Using the EUSART

Posted on Sunday, April 3rd, 2011 in app notes, data transfer, demonstrations, PIC by the machinegeek

The term UART (Universal Asynchronous Receiver Transmitter) is the technical term for the good old serial port found on most MCUs. The term USART similarly refers to a serial port capable of handling both synchronous and asynchronous operation. Over the past few years, Microchip has been integrating an updated serial port into many of their MCUs known as the Enhanced Universal Synchronous Asynchronous Receiver Transmitter or EUSART.

The main feature of EUSART is the ability to auto-detect the baud rate of received signals. An example of of a chip featuring EUSART is the PIC16F688, which is the subject of a Microchip App Note covering the use of EUSART.

A practical illustration of the EUSART in action is this sample project from ENMCU using the PIC18F2455 to detect the baud rate of a serial character received and display the speed on an attached LCD.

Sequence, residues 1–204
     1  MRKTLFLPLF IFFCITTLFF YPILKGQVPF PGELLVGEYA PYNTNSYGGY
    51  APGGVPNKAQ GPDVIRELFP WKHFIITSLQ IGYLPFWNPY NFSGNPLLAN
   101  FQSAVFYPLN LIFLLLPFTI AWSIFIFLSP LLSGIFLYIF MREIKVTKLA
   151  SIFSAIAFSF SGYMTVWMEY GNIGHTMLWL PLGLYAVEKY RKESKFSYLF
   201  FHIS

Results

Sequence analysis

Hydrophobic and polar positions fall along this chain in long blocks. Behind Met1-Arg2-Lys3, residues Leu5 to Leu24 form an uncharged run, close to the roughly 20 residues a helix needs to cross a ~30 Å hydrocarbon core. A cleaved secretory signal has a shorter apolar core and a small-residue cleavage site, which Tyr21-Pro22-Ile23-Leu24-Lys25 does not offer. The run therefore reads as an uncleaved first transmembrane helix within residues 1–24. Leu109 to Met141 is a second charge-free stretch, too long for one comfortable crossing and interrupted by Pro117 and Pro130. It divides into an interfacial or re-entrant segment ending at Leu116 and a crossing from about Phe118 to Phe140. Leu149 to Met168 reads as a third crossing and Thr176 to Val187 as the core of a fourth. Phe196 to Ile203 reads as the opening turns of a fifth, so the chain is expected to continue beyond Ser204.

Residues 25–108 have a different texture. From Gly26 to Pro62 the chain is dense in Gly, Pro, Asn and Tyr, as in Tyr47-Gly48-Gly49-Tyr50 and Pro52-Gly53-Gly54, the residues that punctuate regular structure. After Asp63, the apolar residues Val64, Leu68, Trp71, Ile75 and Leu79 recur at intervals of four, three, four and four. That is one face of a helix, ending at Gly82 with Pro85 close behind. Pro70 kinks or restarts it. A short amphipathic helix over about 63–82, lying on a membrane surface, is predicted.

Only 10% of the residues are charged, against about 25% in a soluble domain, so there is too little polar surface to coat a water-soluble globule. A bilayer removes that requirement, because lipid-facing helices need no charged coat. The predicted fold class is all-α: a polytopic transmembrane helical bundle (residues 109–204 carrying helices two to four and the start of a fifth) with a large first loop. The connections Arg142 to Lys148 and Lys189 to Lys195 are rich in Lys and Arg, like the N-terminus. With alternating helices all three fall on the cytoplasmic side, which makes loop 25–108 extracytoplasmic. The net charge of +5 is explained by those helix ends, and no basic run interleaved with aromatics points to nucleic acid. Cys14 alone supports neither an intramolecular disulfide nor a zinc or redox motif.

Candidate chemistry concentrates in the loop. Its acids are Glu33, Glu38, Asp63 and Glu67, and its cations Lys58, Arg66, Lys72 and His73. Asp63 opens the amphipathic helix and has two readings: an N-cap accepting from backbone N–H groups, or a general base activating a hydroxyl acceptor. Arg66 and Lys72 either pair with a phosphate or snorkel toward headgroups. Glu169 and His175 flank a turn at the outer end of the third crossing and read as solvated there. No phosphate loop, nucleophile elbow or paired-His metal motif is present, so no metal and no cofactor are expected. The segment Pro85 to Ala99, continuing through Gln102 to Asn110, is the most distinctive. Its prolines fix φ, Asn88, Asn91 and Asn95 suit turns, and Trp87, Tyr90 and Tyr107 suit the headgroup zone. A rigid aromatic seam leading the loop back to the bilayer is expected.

This entry was posted on Sunday, April 3rd, 2011 at 4:00 pm and is filed under app notes, data transfer, demonstrations, PIC. You can follow any responses to this entry through the RSS 2.0 feed. You can skip to the end and leave a response. Pinging is currently not allowed.

One Response to “Using the EUSART”

  1. error404 says:

    Nifty that they’ve done it all for you in hardware, but it’s really not all that tricky to do in software, at least on AVR.

    Use a pin change interrupt on the RX pin to interrupt on all edges. Time a few periods worth, keep the shortest and you’re golden. Simple and works well as long as there are some 1-bit periods in the input characters.

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